Q. What pH electrode do I use for a specific application?
A. Follow the general rules below for selecting the right pH electrode:
- Glass bodied pH electrodes may be used in most sample types.
- Epoxy bodied pH electrodes are designed for rugged environments, multiple-user situations, and field or plant applications. Epoxy bodied pH electrodes should not be used in organic solvents.
- For situations containing proteins, sulfide, and TRIS, use ----- electrodes.
- For viscous or dirty samples, use Van London Co. (aka Van London pHoenix Co.) Free-Flow pH electrodes for best results and easy cleaning.
- For custom or difficult applications, please contact one our knowledgeable sales associates for assistance.
Q. How do I store my pH electrode?
A. Proper electrode storage maximizes electrode performance and extends electrode life. There are two ways to store a pH electrode:
- Use Van London Co.'s (aka Van London pHoenix Co.) DEDICATED PH STORAGE SOLUTION CAT NO. R001000
- As a temporary substitute use 200 mL of pH 7 buffer to which 1 gram of potassium chloride (KCl) has been added.
For long-term storage information refer to the appropriate Van London Co. (aka Van London pHoenix Co.) pH electrode instruction manual.
Q. What filling solution do I use?
A. The recommended filling solution depends on the type of electrode. Some Van London Co. (aka Van London pHoenix Co.) electrodes have sealed references and do not require filling solution. For refillable pH electrodes, use the guide below to choose the correct filling solution:
- For single junction type electrodes, use filling solution R001011.
- For double junction type electrodes, use filling solution R001013.
- For Ion Selective electrodes and non-aqueous type electrodes please refer to the electrode instruction manual.
Q. How do I clean my pH electrode?
A. The solution used to clean a pH electrode depends on the possible contaminants. Use the guide below to choose the appropriate solution:
- For general cleaning soak the electrode in 0.1 M HCl or 0.1 M HNO3 for 30 minutes.
- For removing stubborn deposits and bacterial growth, soak the electrode in a 1:10 dilution of household laundry bleach for 15 minutes.
- For removal of protein deposits soak the electrode in 1% pepsin in 0.1 M HCl for 15 minutes.
- For removal of inorganic deposits soak the electrode in 0.1 M tetra sodium EDTA for 15 minutes.
- For removal of oil and grease rinse the electrode with mild detergent or methanol.
After any of the cleaning procedures, thoroughly rinse the electrode with deionized water, drain and refill the reference chamber, and soak the electrode in storage solution for at least 1 hour.
Q. Do pH buffers and filling solutions have a shelf-life?
A. The typical shelf-life for pH buffers and filling solutions is 2 years unopened and 6 months open. For best results, the pH buffer bottles should be sealed promptly to avoid carbon dioxide absorption.
Q. What is a good pH electrode slope range?
A. The acceptable slope range is 92% to 102%. Slopes below 92% indicate that the electrode may require cleaning or if cleaning does not help, the electrode should be replaced. Slopes above 102% indicate that the pH buffers are contaminated.
Q. Do I need an Automatic Temperature Compensation (ATC) probe?
A. The most common cause of error in pH measurements is temperature. The slope of a pH electrode is highly dependent of temperature, and pH buffer values and sample values change with temperature. For the most accurate results an ATC probe is always recommended.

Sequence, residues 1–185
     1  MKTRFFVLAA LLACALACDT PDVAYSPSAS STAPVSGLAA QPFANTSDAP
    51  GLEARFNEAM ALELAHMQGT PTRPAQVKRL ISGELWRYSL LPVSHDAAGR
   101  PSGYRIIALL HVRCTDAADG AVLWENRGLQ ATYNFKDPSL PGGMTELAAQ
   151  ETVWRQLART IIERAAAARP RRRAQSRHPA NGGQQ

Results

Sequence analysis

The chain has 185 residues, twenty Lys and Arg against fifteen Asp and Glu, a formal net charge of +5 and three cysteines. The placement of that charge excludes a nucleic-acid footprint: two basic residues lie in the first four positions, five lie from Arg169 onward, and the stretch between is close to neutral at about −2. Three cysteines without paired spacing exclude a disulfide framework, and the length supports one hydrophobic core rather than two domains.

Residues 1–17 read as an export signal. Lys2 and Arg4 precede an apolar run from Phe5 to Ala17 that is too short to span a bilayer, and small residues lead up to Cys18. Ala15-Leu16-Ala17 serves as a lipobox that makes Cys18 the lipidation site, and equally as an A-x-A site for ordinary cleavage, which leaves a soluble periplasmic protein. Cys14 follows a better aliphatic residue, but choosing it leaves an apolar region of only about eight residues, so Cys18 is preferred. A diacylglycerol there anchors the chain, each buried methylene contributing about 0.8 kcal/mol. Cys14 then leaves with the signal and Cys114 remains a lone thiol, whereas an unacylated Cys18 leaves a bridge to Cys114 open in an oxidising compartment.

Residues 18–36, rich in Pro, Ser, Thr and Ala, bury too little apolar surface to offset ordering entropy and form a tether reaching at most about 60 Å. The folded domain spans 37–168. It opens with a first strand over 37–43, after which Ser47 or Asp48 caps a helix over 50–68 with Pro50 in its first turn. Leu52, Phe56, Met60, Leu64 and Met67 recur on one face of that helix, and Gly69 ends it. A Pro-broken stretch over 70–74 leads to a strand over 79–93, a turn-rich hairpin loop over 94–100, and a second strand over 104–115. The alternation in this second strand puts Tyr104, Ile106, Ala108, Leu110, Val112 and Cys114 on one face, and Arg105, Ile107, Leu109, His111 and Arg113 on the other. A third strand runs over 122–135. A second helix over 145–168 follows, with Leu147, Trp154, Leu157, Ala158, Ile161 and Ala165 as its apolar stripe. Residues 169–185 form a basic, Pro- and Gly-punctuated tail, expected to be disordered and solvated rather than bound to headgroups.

There are three advantages for using an ATC probe. The meter recognizes a particular pH buffer and autocalibrates with the correct pH value at the current temperature. The meter calculates and stores the correct slope value. The meter automatically adjusts the stored slope in memory to display the temperature adjusted pH value of the sample.
Q. Why will my pH system no longer autocalibrate?
A. When the pH system will not autocalibrate, the meter, pH electrode and pH buffers should be checked systematically.
If your meter has a millivolt mode, measure the electrode millivolts in pH buffers. In order for ORION meters to recognize pH buffers for autocalibration, millivolt (mV) limits have been placed on each buffer:
- The electrode millivolts in a pH 7 buffer should be 0+/-30 mV.
- The electrode millivolts in a pH 4 buffer should be 140 to 210 mV.
- The electrode millivolts in a pH 10 buffer should be -140 to -210 mV.
- If the millivolt values are outside of the above ranges, clean the pH electrode. If cleaning does not return the mV to an acceptable range, either manually calibrate or replace the electrode.
Note: As long as the pH electrode has a slope between 92% and 102%, the electrode should be working properly.
The pH buffers should be replaced if the measured millivolts are outside of the acceptable ranges. Contaminated buffers may slightly contribute to shifted millivolt values.
Q. My pH electrode is drifting. What should I do?
A. There are three possible causes for electrode drift:
- If the pH electrode is "out-of-box" and drifting, the electrode may not be properly conditioned. Refer to the appropriate electrode instruction manual for details.
- If the pH electrode is stable in buffers but not in the sample, the electrode may be incompatible with the sample or application. For application assistance contact Van London Co. (aka Van London pHoenix Co.).
- If the pH electrode is drifting in buffers and samples, the electrode may require cleaning. Refer to Question 4.